NI6008 § Page 8 of 15 Nigeria’s leading dairy firms and market share are shown in the chart below: Nigeria's Major Dairy Firms (2005) Chellarams 5% PZ-Nutricima 3% Others 7% Friesland-WAMCO 50% Promasidor 35% § § § § § Some dairy firms also process imported milk products to produce yoghurt.GAIN Report . There are numerous small family-based companies involved in the production of yoghurt. Only one dairy farming and processing firm in Nigeria (Integrated Dairy Farm. ice cream and confectioneries. Output from domestic dairy producers accounted for 3-5 percent of the market supply. VomPlateau State produces yoghurt and cheese (under the brand name “Farm Fresh”). UNCLASSIFIED USDA Foreign Agricultural Service . and repackage into small convenient sachet affordable to low-income consumers and for one-time use. A number of the companies (marketing) bring in powdered milk. Many of these firms register sister companies that import dairy products for their own use and for sale to other firms requiring the products. Most of the products often do not meet health standards as stipulated by the authorities.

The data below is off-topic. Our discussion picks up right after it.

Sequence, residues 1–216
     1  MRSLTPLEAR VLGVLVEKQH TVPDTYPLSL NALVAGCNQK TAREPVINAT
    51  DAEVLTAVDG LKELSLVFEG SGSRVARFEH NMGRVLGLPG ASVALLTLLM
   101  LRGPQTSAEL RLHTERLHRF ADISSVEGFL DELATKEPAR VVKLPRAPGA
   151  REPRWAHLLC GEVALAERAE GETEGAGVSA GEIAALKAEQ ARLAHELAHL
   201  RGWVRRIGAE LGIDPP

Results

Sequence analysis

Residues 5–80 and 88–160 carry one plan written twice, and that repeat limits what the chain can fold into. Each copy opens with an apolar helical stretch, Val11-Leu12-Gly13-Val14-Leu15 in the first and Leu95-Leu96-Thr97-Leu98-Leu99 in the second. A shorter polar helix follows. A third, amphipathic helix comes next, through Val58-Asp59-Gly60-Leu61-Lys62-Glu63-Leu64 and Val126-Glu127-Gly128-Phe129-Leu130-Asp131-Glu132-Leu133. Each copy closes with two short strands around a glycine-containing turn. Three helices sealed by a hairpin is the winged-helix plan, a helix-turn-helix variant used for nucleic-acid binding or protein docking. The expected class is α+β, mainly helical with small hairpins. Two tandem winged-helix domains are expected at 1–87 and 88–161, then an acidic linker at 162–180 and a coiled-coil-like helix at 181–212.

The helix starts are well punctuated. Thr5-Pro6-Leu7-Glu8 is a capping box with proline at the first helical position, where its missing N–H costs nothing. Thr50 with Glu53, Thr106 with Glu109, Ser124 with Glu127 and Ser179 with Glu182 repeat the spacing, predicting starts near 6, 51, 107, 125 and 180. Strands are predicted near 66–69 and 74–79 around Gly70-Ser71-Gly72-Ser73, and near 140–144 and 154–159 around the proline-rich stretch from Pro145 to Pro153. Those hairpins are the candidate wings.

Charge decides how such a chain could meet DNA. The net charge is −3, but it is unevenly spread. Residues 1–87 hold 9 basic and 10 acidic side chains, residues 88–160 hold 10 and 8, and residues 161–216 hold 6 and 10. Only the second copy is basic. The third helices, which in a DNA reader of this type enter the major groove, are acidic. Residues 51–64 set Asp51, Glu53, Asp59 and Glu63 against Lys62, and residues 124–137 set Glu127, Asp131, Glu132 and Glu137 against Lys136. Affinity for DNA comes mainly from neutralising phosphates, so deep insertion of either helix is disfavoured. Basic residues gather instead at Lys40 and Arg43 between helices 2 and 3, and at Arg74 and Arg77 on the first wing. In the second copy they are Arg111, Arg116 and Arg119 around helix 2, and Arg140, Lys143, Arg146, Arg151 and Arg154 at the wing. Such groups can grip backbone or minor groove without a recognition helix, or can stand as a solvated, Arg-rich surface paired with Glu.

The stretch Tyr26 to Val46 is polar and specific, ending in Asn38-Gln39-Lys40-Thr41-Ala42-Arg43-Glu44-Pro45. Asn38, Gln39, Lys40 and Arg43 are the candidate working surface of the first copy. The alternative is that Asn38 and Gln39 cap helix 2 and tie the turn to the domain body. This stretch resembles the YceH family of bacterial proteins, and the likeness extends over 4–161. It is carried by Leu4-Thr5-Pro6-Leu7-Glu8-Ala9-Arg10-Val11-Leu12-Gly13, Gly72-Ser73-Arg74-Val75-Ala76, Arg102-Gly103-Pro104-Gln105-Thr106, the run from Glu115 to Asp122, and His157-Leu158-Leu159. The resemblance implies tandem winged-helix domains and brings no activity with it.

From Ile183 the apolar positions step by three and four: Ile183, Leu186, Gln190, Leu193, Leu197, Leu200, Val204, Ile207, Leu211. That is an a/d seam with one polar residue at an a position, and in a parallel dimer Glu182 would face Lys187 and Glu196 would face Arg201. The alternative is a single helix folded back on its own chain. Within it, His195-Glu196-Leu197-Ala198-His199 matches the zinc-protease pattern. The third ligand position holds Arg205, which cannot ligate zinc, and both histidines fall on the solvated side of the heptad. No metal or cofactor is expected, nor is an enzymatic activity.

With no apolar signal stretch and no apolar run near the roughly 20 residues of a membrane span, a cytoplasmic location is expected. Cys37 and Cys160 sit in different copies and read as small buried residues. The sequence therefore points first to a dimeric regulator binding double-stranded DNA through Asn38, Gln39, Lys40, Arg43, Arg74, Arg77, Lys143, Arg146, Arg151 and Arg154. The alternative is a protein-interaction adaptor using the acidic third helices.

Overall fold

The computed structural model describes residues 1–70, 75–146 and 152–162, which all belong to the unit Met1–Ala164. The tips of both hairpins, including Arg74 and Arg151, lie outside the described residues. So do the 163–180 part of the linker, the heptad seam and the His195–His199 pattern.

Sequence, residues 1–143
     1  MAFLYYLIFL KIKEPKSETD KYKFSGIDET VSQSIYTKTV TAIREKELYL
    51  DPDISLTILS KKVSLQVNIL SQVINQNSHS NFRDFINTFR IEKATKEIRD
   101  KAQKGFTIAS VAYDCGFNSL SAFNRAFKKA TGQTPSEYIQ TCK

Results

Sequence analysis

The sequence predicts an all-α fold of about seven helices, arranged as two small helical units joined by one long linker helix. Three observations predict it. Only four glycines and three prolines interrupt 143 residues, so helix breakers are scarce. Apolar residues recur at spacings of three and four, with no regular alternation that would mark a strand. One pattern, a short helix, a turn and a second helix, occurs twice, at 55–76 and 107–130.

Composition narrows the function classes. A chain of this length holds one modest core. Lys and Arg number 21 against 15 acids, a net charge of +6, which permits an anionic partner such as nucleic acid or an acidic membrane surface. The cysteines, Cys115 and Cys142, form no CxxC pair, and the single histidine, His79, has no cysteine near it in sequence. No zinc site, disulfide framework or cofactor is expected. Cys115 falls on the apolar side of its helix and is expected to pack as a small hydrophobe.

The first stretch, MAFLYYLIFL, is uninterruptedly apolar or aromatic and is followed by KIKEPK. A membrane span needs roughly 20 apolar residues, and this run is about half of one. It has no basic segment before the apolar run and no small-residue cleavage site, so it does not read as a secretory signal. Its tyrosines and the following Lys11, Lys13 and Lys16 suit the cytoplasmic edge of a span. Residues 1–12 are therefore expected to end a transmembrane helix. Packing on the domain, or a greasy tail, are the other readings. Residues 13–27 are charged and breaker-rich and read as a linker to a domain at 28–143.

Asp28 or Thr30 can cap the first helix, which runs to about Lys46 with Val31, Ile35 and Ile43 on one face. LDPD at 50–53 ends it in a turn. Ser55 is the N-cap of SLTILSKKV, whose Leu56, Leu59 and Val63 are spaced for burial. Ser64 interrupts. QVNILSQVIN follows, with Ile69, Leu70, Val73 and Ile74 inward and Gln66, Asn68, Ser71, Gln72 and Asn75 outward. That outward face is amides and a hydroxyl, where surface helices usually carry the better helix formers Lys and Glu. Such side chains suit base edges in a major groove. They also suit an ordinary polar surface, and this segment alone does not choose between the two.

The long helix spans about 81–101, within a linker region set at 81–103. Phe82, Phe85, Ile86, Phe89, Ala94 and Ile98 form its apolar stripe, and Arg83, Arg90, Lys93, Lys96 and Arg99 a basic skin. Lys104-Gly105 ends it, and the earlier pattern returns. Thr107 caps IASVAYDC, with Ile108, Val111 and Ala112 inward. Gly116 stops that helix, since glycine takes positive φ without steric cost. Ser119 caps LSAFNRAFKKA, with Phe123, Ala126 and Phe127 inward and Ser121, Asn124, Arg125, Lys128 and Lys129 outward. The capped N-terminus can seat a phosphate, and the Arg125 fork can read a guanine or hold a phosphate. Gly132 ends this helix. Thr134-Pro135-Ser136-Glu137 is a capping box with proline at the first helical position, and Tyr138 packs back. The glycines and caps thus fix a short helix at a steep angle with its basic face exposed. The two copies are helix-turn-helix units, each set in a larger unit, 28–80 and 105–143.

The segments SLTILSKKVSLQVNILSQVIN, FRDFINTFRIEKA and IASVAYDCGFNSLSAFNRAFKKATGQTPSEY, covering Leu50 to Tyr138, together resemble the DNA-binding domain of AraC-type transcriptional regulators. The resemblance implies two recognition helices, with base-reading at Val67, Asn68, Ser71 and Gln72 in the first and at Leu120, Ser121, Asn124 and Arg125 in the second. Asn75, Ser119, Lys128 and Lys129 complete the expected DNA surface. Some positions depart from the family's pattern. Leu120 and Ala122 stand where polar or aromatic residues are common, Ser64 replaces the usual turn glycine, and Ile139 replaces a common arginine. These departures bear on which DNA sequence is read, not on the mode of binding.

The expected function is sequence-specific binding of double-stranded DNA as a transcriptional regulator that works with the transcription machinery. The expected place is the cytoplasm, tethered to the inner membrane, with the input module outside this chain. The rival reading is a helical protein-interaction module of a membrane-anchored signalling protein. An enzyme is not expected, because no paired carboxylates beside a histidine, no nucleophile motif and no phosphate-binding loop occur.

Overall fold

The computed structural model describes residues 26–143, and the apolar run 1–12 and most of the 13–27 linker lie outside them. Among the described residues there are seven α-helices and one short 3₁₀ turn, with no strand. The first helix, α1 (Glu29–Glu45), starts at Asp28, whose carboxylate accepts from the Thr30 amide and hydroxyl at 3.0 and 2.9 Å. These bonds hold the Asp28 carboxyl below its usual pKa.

S. has created a joint venture with PZ Cussons (a British Group with a large Nigerian subsidiary) to build a new $20 million (35. U. Glanbia (an Irish dairy group). butter. the importer-distributor of “Olympic” milk brand in Nigeria.S.S. and therefore. dairy firms have more efficient production system over third-country competitors. partnered with Nutricima to establish a-$30 million manufacturing plant in Nigeria producing “Nunu” milk brand.NI6008 Page 9 of 15 Imported dairy products basically enter the market through channels as shown below: Exporter Entry Flowchart for Intermediate Food & Ingredients U.000 tons per annum) facility in Nigeria which will produce evaporated milk and milk powder for the local market from powdered milk sourced primarily from Glanbia’s plants in Ireland. for selling their products in Nigeria. yoghurt. have the advantage of producing and increasing export market share for high-value dairy products (including skimmed milk powder. another player in the world dairy market has consolidated with Nigeria’s Wonderfoods for marketing the “Cowbell” brand. Entry Strategy: § New-to-market U. cheese and milk product ingredients). PZ.GAIN Report . Strategic marketing alliance with full-line dairy processors 2. Direct sale to Importer-Distributors or local representatives Entry through local processors and semi-processor or local representatives is necessary as GON’s food and drug regulatory agent (NAFDAC) requires that “foreign manufacturers or exporters must be represented in Nigeria by a duly registered § UNCLASSIFIED USDA Foreign Agricultural Service . globalization effects and the increasing number of consumers adopting western lifestyles and consumption patterns is resulting in increasing demand for dairy products such as ice cream. Direct sale to dairy packaging firms 3. to Nigeria within the next few years. butter and cheese. Exporter Food & Beverage Processors Importer/Distributor/Agent Milk Packaging Firms Cottage Processors HRI Retailer Large multi-national firms around the world are now beginning to form alliances with the larger Nigerian dairy packaging and marketing companies. dairy firms can enter the market through: 1. Promasidor. Frieslandfoods of Netherlands is working with Nigeria’s biggest dairy firm—WAMCO. The growing number of consumers seeking higher quality and specialty dairy products in Nigeria is increasing.